After a pleasant childhood spent in Delaware Street on the Ravenhill Road in east Belfast, Billy entered the world of work in the post office as a telegraph messenger at a tender age, “I started at the age of 14 years and 9 months. At the beginning I was the youngest of a hundred boys, at the end I was the oldest out of 100 boys. It was a great experience.”

Billy’s job entailed travelling across Belfast delivering messages to people and this position gave him a unique insight to the streets of his city, “Telegraph messengers knew every street in Belfast, knew every building in the centre of Belfast. You knew where every bookie, boxer, footballer and politician lived.”

“When you were with a hundred boys all of that age you heard everything, you knew about everything. It was a great life, it was my university, and it was probably better than a university.”

Billy became a postman in 1939 but with the outbreak of WW2, he joined the navy as a radio operator for the LST and spent nine months in America. He took part in several landings in Italy, “There’s always danger, but when it happens it happens very quick. We were coming home for the D-day landings, two days out from home, we got torpedoed and sunk.”

“We had 115 soldiers on board and we lost 88 of them.”

After a traumatic time in the water during the sinking of the ship, Billy reminisces, “it is the sort of experience that you would not wish upon anybody and yet it is one of the big things in my life. I think it affected me that I felt I never wanted to be rich. I think this very close brush with death… and there were about three times that I came very close to death in the one morning… you don’t analyse about it, it had quite an effect on my attitudes towards life. If I’m going to live, I’m going to do all the things that I want to do.”

At the end of the war Billy returned to the Post Office. He was made branch treasurer in 1947 and this influenced his decision to become involved with the trade union movement. “It was sort of a moral crusade, it seemed to me that this is what I wanted to do without having any great reason to do it. It seemed to me that there was something to be done and that I would like to do it.”

“From then the Post Office was very important, my family was very important but the trade union was a major influence on my life, it was a major activity. It took up most of my thoughts and most of my talents and it was very good. It extended me in all sorts of ways.”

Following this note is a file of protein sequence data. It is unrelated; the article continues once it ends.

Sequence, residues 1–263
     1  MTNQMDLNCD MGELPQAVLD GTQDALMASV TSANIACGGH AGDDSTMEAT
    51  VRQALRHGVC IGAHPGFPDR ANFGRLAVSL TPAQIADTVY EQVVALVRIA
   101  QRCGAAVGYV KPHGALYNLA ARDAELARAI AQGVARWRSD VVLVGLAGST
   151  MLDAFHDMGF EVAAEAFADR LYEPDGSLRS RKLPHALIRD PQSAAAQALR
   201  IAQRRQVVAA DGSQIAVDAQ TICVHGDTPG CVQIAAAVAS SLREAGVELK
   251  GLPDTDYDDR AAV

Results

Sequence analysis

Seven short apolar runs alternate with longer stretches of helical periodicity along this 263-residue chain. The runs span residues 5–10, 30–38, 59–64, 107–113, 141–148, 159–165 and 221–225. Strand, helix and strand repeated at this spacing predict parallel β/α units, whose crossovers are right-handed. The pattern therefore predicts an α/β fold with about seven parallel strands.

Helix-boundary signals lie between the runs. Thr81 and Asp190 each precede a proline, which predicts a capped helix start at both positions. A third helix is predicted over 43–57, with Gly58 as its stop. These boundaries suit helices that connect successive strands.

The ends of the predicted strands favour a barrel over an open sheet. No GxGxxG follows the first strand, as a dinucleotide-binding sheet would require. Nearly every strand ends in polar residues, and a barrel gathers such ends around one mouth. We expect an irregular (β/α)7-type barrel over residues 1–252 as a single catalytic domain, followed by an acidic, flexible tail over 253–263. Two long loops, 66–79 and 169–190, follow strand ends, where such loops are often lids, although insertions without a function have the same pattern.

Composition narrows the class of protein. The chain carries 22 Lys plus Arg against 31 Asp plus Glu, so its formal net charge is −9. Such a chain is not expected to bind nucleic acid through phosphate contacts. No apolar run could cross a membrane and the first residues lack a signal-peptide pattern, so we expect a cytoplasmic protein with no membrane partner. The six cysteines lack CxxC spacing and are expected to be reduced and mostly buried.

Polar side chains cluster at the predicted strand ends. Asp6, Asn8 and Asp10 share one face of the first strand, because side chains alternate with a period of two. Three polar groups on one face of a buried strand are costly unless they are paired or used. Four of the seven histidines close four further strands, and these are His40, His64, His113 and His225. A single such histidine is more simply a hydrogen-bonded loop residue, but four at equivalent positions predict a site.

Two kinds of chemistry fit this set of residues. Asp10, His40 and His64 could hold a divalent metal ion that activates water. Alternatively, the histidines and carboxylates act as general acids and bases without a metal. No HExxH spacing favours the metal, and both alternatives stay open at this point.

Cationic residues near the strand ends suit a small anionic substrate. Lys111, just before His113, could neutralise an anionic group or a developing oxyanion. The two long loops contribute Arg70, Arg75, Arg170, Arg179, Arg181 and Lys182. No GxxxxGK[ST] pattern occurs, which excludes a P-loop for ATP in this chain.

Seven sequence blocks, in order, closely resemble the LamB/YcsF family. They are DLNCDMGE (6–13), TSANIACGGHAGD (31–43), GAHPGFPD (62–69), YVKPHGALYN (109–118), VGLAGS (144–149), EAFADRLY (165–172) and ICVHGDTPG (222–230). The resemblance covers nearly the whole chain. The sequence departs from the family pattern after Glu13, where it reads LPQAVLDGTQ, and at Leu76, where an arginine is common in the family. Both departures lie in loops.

One aspect of his life, which benefitted from his involvement with trade unions, was education. In the 1950s, through the Workers Educational Association, Billy enrolled with Ruskin College in Oxford and achieved an Oxford University Diploma in Economics and Political Science, “I always had that interest in adult education, still have, I still go to wee classes. That was a big thing in my life, but in a way it’s all to a certain extent integrated to the trade union.”

In 1971 Billy was a senior figure and leader of his section in the trade union movement during a pivotal six-week industrial strike by the post office, “the government forced the post office to stick rigidly to its guidelines. We decided to go on strike and it was the proper decision, had we not taken that decision the union would have disintegrated.”

Billy’s strong sense of community was articulated through his involvement with the Post Office’s youth scheme and the introduction of the Duke of Edinburgh Award Scheme to Northern Ireland. Billy organised expeditions for young people across the Mourne Mountains in Northern Ireland. “It was very sad because you could see kids being sucked into the paramilitaries in both Protestant and Catholic areas. And in a way I felt that I was doing something to give them a sort of adventure in life and possibly make them think that there were other things to life than joining the paramilitaries.”

Over his life Billy has seen some radical changes in trade unionism, the economy and the privatisation of business. On the changes of community work shifting from the voluntary to professional sphere within society he comments, “I regard it as fun. There have been changes and it seems to me that they have great difficulty in getting people to do things like this. I think it’s very sad, I don’t think that you can take the risks out of life.”

After 24 years in office in the union, Billy decided to move on with his life and his passion for being active resulted in him becoming involved with the Ulster Archaeological Society. “I loved the meetings and I loved going out on the field trips. I went onto the committee in 1987, in my very first meeting with the committee they were looking for somebody to do the Ulster Archaeology Society Newsletter. In the end I said, if you can’t get anyone else I’ll have a go. That was in 1988 and I’m still doing it, I was President for 3 years but my main contribution towards it was turning out the newsletter.”

For a man approaching 90 years of age, Billy is still an energetic and active member of society who is constantly busy. He attributes his youthful approach to life to “an Ulster fry for my breakfast every morning, I would recommend it to anybody.”

Reflecting on his life, Billy feels that, “in a way it might derive from being torpedoed, I think that if you are going to live then you might as well live. I always felt the most important thing, if you have your health, is personal relationships. I find this exciting. You pack in a lot of wee things and they are important. The relationships which I had were important to me and I think they were important to a lot of other people as well and to me that’s life and I’m glad that I had it. I didn’t do too bad and I still enjoy life and still find life an adventure.”